Some women in the early 1900s did improve their lot in life, other than by a well-connected marriage. Miss Nellie Campbell, the Potato Chip Queen, was such an example. Miss Campbell came to Long Beach for her health and wanted to stay. When her money ran out she realized she either had to return to her relatives back East or earn her own living. One memorable day in 1908 she bought some potato chips which turned out to be limp and tasteless. This got her thinking. She went to the public library, read several cookbooks, and started experimenting. She bought a sack of potatoes, a new pan, and a gallon of olive oil. The chips she prepared were crisp and delicious. She convinced local markets and restaurants to buy them and within two years Campbell’s Chip sales had grown from a few pounds to over 1,000 pounds per month. An advertisement in the September 8, 1913 Santa Ana Register described her product as “always fresh, pure and crisp.”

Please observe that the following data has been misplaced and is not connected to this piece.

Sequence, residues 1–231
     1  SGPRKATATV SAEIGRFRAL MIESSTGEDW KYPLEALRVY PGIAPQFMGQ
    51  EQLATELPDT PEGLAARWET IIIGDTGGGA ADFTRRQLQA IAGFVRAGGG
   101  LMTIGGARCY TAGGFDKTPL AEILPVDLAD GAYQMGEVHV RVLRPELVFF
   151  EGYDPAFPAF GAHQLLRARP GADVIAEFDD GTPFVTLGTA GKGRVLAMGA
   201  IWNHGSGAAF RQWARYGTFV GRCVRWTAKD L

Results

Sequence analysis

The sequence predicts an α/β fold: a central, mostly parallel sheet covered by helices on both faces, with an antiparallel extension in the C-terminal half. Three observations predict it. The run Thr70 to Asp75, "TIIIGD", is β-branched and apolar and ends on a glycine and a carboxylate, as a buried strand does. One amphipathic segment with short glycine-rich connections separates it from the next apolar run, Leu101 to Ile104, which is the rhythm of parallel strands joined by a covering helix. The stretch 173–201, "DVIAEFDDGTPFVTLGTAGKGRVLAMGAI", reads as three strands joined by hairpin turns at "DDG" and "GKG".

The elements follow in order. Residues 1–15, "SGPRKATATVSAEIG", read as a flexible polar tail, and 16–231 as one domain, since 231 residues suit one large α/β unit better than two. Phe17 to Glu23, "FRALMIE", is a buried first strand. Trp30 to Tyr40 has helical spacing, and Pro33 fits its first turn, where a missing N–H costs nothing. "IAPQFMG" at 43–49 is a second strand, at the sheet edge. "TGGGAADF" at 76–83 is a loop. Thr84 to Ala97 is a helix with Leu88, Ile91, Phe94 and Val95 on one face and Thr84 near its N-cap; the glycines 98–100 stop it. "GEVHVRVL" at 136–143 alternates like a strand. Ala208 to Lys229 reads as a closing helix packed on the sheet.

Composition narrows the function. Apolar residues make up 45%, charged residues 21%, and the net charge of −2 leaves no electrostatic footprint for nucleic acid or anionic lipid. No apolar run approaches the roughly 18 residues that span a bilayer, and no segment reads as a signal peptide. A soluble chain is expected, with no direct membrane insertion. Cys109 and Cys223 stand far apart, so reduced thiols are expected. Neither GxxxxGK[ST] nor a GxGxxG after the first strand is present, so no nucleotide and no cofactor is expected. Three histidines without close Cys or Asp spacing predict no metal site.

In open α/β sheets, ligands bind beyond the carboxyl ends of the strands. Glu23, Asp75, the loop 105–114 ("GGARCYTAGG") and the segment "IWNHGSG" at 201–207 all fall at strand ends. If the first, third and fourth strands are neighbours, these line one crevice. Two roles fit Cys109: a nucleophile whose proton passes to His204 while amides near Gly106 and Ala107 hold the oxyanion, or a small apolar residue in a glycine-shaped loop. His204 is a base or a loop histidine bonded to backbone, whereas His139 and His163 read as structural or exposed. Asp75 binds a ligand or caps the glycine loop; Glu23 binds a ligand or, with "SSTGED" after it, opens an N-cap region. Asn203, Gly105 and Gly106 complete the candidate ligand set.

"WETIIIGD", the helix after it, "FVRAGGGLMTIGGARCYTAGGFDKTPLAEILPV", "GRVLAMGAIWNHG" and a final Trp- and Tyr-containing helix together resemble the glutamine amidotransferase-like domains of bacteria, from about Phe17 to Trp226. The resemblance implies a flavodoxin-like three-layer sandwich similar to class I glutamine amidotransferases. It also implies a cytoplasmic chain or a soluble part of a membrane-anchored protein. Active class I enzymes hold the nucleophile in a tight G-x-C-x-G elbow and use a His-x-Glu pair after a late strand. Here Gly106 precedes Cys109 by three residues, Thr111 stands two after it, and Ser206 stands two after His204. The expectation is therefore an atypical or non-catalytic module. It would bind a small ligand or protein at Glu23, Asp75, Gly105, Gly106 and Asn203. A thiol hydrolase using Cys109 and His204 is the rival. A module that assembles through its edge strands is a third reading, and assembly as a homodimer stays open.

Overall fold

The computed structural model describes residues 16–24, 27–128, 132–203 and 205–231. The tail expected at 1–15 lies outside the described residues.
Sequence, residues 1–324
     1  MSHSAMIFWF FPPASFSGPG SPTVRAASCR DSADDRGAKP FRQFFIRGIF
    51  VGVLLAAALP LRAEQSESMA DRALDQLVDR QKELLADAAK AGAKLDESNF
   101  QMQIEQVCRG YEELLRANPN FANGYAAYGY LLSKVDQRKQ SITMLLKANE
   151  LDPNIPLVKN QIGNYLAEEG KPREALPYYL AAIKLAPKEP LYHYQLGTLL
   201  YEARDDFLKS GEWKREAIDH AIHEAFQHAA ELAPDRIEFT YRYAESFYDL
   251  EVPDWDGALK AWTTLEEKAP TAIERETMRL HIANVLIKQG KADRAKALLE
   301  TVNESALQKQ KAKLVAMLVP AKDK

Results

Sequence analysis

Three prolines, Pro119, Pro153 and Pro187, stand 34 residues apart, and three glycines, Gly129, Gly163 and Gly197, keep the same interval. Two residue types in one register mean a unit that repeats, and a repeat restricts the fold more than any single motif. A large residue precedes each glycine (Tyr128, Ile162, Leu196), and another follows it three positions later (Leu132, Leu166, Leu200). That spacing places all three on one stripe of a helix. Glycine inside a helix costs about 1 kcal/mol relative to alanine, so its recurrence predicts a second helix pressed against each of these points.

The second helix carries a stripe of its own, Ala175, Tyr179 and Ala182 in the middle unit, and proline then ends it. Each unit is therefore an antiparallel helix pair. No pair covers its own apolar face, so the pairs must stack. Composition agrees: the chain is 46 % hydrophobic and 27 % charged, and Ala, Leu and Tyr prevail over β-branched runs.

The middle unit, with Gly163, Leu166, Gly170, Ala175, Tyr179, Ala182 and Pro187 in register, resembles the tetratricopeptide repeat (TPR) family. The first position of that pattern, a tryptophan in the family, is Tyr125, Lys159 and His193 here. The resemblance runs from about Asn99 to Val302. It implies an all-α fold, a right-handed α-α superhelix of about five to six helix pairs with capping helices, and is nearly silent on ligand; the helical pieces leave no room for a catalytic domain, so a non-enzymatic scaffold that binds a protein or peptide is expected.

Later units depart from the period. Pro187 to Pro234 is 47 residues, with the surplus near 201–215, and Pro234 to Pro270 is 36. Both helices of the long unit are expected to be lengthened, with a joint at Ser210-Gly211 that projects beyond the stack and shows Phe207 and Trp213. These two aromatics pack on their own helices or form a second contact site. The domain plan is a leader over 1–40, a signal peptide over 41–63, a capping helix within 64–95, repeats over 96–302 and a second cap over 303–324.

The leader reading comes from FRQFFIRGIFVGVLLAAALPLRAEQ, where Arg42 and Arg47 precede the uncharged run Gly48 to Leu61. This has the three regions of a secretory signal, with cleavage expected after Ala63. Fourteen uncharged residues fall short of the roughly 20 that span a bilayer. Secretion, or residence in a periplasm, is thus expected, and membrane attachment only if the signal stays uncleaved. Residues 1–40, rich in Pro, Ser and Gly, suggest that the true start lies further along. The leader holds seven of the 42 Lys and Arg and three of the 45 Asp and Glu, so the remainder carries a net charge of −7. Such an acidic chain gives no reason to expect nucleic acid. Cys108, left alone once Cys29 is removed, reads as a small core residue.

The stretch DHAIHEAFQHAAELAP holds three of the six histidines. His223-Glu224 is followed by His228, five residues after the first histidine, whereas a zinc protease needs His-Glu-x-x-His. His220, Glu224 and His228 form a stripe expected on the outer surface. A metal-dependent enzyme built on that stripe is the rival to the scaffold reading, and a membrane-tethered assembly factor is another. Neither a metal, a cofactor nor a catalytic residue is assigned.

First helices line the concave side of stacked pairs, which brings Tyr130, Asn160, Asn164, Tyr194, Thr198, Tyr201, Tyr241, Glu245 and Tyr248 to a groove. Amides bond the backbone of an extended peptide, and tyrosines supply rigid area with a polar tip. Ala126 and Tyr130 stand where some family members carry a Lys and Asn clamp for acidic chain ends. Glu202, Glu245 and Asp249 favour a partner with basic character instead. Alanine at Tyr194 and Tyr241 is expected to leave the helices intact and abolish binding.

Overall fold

Nellie set up a manufacturing business at 337 ½ First Street in 1909 and remained at that location until America entered World War I in 1917. Seeing her success others in Long Beach tried to get into the business, such as Alfred Von Grunigen (501 Alamitos), William Schmitt (347 The Pike), and E.R. Weaver (21100 E. 4th Street) but they couldn’t compete with Nellie and remained in business for less than a year. Nellie gave up the potato chip business sometime in 1917. She disappeared from Long Beach City Directories after that time. Where she went after 1917 remains unknown, unless one of our readers has additional information. But she left a tradition of potato chip making in the city. After the war other women took up the business—widow Ernestine Crilly set up a manufacturing business at 120 E. 4th Street in 1919; and Emma and Lora Brueckner who opened the Golden State Potato Chip Company at 506 W. Broadway in 1923. Nellie’s legacy continued.